You can easily configure UAC to never prompt you. You do, of course, need to be careful when downloading and running any software downloaded from the internet - you don't want random code from the internet to be able to get into system context on your machine.
But, if you always go "Hmm, is this a good idea to do this?" when you see the UAC shield on a button/menu...you don't need to see a UAC prompt, do you?
If you are a user with administrator priviledges:
To remove the prompt - run gpedit.msc, go to Local Computer Policy - Computer Configuration - Windows Settings - Security Settings - Local Policies - Security Options.
Look for 'User Account Control: Behavior of the elevation prompt for administrators in Admin Approval Mode' in the list on the right, and set it to 'Elevate without prompting'
Then, run 'gpupdate' from an elevated command prompt.
And you'll never see any UAC prompts, ever again.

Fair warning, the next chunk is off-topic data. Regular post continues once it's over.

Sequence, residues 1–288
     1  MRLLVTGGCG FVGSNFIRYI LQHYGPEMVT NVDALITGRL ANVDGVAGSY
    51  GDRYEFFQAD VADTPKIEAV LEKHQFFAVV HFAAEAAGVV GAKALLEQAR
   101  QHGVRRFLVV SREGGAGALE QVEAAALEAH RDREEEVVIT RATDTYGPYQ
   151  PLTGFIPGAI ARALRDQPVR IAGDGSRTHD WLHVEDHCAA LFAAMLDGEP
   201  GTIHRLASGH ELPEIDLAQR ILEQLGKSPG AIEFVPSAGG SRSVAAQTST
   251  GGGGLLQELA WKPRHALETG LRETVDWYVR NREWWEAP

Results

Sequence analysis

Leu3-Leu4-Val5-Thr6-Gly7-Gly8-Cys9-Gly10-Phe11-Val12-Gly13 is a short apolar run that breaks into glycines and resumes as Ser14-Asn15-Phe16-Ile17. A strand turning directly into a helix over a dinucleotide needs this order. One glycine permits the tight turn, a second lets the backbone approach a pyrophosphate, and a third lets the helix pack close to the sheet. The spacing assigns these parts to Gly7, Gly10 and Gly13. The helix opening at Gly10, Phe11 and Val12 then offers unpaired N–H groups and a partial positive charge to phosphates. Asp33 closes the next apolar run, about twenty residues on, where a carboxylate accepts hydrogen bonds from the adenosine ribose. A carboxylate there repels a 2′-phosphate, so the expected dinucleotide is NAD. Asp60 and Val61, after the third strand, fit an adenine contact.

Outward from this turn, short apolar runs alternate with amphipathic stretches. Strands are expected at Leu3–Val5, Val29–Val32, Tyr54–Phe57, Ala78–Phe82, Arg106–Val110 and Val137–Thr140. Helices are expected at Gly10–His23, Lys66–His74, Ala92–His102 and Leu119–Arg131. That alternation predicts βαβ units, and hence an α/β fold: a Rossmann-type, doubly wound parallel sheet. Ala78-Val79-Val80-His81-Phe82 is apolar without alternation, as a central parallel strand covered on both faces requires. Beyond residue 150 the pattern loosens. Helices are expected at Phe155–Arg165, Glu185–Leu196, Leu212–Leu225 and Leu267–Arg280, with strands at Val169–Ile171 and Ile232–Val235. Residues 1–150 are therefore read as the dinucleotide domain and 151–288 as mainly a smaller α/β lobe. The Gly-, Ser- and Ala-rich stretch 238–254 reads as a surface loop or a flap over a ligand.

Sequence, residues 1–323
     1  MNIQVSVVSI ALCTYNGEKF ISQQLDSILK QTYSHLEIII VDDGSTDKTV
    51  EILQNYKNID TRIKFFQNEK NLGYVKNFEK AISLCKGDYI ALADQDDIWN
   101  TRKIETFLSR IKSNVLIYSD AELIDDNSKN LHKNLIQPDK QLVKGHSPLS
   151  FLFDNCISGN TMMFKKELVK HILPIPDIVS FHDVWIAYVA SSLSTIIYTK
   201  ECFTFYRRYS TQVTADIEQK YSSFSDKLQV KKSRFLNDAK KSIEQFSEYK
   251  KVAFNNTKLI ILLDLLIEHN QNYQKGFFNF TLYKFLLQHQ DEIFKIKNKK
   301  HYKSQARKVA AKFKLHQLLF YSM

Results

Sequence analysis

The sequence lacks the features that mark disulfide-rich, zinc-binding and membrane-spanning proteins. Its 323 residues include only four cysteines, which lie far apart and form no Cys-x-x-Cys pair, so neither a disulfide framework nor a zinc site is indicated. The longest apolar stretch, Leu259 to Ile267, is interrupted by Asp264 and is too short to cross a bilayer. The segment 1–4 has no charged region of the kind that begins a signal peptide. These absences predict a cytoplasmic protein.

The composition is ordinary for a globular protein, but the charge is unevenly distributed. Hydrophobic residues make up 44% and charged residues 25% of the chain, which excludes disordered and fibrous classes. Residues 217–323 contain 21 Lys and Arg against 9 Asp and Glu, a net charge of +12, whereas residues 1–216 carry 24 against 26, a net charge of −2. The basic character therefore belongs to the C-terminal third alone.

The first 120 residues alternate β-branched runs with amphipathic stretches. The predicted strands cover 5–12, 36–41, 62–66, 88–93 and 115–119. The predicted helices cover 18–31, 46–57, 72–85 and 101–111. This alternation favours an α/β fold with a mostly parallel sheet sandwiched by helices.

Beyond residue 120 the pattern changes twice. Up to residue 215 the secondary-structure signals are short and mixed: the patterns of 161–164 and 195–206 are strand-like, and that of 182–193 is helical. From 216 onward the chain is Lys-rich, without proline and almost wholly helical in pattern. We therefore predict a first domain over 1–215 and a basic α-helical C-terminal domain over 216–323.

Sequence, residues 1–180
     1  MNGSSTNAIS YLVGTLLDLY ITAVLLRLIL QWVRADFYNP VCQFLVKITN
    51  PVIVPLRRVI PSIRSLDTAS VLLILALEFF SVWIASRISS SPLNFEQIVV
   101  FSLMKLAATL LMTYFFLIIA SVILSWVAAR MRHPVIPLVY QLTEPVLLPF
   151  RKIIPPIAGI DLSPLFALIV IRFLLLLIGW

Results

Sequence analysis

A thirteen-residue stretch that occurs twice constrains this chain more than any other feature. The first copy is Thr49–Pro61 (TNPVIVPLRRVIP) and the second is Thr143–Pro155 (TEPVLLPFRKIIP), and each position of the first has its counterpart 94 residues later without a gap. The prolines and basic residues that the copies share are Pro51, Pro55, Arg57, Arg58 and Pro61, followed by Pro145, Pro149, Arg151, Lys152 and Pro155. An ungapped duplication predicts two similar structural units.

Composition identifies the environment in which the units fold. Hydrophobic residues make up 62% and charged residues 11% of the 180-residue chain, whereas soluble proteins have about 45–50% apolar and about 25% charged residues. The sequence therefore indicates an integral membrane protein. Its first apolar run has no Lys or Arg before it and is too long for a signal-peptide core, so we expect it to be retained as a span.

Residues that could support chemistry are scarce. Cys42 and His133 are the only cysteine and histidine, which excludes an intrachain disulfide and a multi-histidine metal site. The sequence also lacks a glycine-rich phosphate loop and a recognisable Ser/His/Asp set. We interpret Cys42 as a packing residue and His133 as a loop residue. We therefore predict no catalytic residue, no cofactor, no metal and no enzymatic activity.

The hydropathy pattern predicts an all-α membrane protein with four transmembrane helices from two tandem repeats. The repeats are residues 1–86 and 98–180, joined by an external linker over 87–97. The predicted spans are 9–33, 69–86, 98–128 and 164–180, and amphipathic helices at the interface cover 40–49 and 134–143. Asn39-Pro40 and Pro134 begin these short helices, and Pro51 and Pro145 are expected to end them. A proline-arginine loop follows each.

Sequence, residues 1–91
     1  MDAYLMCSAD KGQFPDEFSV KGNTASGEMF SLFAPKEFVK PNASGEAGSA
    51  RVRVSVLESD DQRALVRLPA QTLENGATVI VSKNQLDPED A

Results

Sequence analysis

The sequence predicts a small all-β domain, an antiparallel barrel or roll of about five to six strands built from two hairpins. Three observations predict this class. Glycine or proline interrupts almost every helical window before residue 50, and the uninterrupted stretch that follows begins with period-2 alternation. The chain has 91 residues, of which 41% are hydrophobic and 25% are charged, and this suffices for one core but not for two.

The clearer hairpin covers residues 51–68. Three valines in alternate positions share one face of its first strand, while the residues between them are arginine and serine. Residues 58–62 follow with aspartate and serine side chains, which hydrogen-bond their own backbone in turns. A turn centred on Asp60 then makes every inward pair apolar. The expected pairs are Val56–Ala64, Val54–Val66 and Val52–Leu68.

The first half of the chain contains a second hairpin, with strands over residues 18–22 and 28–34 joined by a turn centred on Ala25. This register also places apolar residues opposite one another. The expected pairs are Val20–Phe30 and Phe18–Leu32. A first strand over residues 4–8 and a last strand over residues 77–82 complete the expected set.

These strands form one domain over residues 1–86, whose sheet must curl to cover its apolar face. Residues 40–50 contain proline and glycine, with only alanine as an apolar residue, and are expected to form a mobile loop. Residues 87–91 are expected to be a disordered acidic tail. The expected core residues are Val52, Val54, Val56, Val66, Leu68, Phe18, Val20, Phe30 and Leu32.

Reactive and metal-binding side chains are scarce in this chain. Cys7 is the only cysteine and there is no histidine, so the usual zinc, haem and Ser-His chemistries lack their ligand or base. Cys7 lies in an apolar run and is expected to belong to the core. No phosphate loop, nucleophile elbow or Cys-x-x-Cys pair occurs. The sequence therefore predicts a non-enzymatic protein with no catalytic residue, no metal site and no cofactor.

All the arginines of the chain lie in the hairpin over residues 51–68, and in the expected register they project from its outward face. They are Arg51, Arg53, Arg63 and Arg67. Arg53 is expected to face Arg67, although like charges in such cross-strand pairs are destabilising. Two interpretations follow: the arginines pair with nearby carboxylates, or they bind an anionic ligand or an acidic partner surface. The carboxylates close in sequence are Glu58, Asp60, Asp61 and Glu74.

But you have to promise to never run random executables off of the internet - stick to adobe.com or Paint.Net - stuff people trust. Stay away from SeeHarrisonFordNaked.exe.
Tuesday, April 1, 2008
Security is very very hard.
(Don't worry, Adobe: There is an easy heuristic for determining the number of security issues remaining in a codebase: For every security issue you find, another security issue is bound to exist. You can use that to determine the actual number of security bugs in your code. This heuristic applies to any codebase on any OS.)
It sounds like UAC worked, though.
One of the areas of most active user feedback in Vista is UAC - people hate typing in their password to (for example) install random software.